Legitimate Claim Of Self Defense Gets Twisted Into An Armed Violence Conviction | Jabar Post Indonesia

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Legitimate Claim Of Self Defense Gets Twisted Into An Armed Violence Conviction | Jabar Post Indonesia

A lawyer or attorney is a person who practices law, as an advocate, attorney, attorney at law, barrister, barrister-at-law, bar-at-law, canonist, canon lawyer, civil law notary, counsel, counselor, counsellor, solicitor, legal executive, or public servant preparing, interpreting and applying law, but not as a paralegal or charter executive secretary.[1] Working as a lawyer involves the practical application of abstract legal theories and knowledge to solve specific individualized problems, or to advance the interests of those who hire lawyers to perform legal services.

The role of the lawyer varies greatly across legal jurisdictions, and so it can be treated here in only the most general terms

People v. Barnes, 2017 IL App (1st) 142886 (September). Episode 405 (Duration 12:06)

Defendant shot at someone that first shot at him, the state says this constitutes mob action and armed violence.

Issue What does it mean for two or more people to be “acting together” as required to commit the offense of mob action? See 720 ILCS 5/25-1(a)(1).

Gist Defendant Tyrone Barnes and an unidentified man shot at each other on the street, resulting in the death of an innocent bystander.

A jury acquitted defendant of felony murder but convicted him of armed violence predicated on mob action. He was sentenced to 24 years in prison.

The theory of the predicate charge was that defendant and the unidentified man acted together by “participating” in a “gunfight” that the State has likened, both at trial and on appeal, to a “21st century version of a duel” held on the streets of Harvey.

Facts Defendant was outside the restaurant waiting for his friend who went inside.

Defendant exchanged gunfire with an unidentified man in front of Gus Restaurant, a popular neighborhood spot located on Center Avenue near 153rd Street in Harvey. The unidentified man was with Bivens, who recently had a dispute of some kind with defendant.

That’s when Bivens came by with another man who was the shooter. Bivens had a beef with the defendant. The other man lifted his shirt and showing a gun and then started shooting. By this point defendant was back in his car and returned fired. The victim was hit by the other man’s shooting.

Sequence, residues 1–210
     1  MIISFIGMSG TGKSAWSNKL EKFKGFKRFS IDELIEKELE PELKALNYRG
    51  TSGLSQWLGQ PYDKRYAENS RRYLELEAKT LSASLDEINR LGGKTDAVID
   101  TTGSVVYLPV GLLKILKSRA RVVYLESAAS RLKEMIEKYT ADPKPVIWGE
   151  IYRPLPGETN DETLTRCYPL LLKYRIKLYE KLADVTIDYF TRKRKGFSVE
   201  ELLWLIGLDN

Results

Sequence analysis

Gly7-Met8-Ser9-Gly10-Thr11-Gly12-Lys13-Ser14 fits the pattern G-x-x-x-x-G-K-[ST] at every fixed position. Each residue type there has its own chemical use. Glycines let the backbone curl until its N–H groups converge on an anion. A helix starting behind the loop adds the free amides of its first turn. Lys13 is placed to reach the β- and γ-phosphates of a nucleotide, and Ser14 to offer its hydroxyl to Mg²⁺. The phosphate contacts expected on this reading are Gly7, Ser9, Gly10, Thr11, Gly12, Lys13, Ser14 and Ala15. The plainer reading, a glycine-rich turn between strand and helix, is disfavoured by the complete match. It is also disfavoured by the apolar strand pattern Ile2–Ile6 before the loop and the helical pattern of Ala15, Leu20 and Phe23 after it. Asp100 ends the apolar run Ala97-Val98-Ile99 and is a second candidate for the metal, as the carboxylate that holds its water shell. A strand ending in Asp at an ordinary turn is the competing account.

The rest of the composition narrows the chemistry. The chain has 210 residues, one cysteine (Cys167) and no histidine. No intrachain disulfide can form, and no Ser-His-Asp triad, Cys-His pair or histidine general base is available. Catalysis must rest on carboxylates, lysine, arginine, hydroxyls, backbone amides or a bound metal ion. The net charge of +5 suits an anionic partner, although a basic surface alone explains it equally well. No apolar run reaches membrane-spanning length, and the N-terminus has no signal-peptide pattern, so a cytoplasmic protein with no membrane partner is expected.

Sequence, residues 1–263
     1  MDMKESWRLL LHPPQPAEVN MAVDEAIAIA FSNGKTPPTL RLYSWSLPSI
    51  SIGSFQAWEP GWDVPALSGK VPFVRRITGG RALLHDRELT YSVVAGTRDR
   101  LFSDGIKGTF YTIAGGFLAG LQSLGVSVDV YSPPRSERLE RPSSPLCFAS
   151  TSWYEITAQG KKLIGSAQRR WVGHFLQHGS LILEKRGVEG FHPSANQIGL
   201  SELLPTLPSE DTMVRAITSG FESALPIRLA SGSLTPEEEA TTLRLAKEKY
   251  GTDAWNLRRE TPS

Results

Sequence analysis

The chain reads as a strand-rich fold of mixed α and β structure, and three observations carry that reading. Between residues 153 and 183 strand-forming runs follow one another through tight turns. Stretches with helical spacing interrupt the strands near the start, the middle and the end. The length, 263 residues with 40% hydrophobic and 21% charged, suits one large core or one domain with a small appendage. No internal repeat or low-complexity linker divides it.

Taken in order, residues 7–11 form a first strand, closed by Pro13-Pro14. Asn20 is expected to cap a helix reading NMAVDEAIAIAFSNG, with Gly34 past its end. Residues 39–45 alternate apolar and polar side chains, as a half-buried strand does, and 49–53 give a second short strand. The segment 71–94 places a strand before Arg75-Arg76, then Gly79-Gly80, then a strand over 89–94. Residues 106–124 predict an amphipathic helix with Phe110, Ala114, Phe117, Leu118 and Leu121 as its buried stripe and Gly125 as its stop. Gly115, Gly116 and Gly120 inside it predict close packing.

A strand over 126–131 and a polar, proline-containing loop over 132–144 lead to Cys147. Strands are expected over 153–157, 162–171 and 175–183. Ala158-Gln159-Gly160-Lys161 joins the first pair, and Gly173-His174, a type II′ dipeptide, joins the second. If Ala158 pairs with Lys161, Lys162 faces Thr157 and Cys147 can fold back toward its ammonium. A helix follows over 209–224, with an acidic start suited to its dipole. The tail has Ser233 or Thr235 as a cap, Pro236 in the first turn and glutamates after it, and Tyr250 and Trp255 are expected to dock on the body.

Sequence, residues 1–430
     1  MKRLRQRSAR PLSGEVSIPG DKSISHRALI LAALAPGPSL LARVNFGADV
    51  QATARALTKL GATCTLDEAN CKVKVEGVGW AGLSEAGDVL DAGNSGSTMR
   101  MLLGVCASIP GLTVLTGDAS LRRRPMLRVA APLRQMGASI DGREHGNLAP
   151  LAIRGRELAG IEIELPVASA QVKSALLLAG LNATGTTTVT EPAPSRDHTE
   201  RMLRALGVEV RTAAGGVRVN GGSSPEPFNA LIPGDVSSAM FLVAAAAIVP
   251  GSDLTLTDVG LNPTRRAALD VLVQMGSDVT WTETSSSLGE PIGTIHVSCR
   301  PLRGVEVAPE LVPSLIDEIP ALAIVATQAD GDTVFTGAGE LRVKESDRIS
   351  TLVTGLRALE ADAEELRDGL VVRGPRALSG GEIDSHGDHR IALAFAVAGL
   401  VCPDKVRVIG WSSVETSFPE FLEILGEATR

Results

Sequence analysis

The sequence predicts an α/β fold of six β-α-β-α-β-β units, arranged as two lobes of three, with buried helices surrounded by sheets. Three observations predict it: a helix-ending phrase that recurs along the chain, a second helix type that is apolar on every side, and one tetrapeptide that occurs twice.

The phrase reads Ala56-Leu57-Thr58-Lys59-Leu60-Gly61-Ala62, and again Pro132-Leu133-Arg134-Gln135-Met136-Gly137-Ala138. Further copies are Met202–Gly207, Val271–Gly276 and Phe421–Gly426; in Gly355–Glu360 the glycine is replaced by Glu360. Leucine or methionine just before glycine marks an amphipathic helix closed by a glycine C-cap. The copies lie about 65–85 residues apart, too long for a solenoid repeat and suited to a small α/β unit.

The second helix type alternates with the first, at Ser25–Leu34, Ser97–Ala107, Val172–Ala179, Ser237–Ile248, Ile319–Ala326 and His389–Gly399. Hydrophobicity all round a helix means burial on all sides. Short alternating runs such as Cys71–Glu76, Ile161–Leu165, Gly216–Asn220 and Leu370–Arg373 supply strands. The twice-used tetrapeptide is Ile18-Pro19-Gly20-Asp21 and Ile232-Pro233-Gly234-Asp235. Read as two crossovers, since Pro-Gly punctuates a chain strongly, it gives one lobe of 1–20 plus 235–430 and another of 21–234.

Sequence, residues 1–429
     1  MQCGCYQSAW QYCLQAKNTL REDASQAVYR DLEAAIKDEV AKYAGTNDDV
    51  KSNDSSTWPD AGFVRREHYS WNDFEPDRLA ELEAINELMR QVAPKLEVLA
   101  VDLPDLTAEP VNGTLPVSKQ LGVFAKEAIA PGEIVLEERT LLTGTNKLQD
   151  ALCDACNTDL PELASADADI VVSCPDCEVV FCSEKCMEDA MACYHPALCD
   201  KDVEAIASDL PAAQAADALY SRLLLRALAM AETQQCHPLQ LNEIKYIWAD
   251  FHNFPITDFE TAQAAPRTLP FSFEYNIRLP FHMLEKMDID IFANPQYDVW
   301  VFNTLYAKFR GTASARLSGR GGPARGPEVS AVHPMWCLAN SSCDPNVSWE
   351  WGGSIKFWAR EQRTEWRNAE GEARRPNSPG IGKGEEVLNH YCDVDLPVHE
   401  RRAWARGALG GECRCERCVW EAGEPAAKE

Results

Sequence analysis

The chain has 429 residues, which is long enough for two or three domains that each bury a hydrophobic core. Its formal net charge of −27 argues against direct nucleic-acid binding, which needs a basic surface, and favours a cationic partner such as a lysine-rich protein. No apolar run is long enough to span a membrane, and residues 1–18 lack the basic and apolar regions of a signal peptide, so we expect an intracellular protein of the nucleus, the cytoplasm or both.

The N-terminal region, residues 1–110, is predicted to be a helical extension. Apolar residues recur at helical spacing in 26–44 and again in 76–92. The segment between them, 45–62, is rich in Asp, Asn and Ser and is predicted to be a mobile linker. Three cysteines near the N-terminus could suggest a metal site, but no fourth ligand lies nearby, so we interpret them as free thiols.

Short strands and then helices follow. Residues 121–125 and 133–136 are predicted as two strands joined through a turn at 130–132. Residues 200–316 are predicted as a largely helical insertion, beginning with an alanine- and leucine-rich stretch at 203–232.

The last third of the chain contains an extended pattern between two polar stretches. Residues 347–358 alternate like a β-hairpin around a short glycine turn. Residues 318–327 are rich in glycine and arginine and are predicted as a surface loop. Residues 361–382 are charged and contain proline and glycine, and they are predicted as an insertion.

An errant gunshot fired by the unidentified man, and intended for defendant, struck and killed Sanders, a stranger who was passing by the restaurant.

Defendant was tried for the felony murder of Simeon Sanders, predicated on the aggravated discharge of a firearm at Maurice Bivens, and for armed violence predicated on mob action.

State’s Theory The State’s theory was that defendant and the unidentified man agreed to fight in a duel—a “shootout and a show-down in the middle of Center Street,” like “something that you would see at the Okay Corral,” or like “what happens in those western movies that we have all watched at some point growing up.”

The State argued that defendant agreed to the duel by standing in the street, assuming a “stand-off showdown position.”

Based on “this acting together of shooting at each other and creating this western scene in the middle of Harvey,” the State concluded, defendant was guilty of mob action.

The State views Bivens pointing at defendant, and the unidentified man displaying his gun, as the “challenge,” and defendant’s retrieval of his weapon and return fire after being shot at as the acceptance of the challenge.

Defendant’s Theory Defendant’s theory of defense, in turn, was that the unidentified man opened fire on him, and he returned fire in self-defense. For this reason, defense counsel argued, they were not “acting in concert with common purpose,” and thus defendant did not commit mob action.

The crux of his challenge is legal rather than factual.

Specifically, he argues that the “acting together” element requires concerted action—an agreement or common purpose—by the participants. The State says that it needed to prove only that defendant participated in the gunfight, regardless of any agreement or common purpose.

Thus, Defendant argues for a reversal of his conviction for armed violence, claiming the State failed to prove beyond a reasonable doubt that he committed the predicate offense of mob action.

Armed Violence “A person commits armed violence when, while armed with a dangerous weapon, he commits any felony defined by Illinois Law” that does not “make[ ] the possession or use of a dangerous weapon” an element of the offense. 720 ILCS 5/33A-2(a) (West 2008).

Mob Action For the mob-action predicate, the jury received the pattern instructions; like the statute, those instructions use, but do not define, the phrase “acting together.” See Illinois Pattern Jury Instructions, Criminal, Nos. 19.03, 19.04 (4th ed. 2000).

So the jury was never instructed on the meaning of “acting together.”

Mob action, as charged in this case, was defined at the time as “[t]he use of force or violence disturbing the public peace by 2 or more persons acting together and without authority of law.” 720 ILCS 5/25- 1(a)(1) .

Among other things, the State had to prove that defendant was one of “2 or more persons acting together” in the use of force of violence.

Thus, the question of law presented: Do two (or more) people “act together” simply by shooting at each other; or does this statutory element require them to have an agreement, or otherwise to share a common purpose or intent?

Analysis The minimal case law on this subject, the plain language of the statute, and a review of the legislative history of the…

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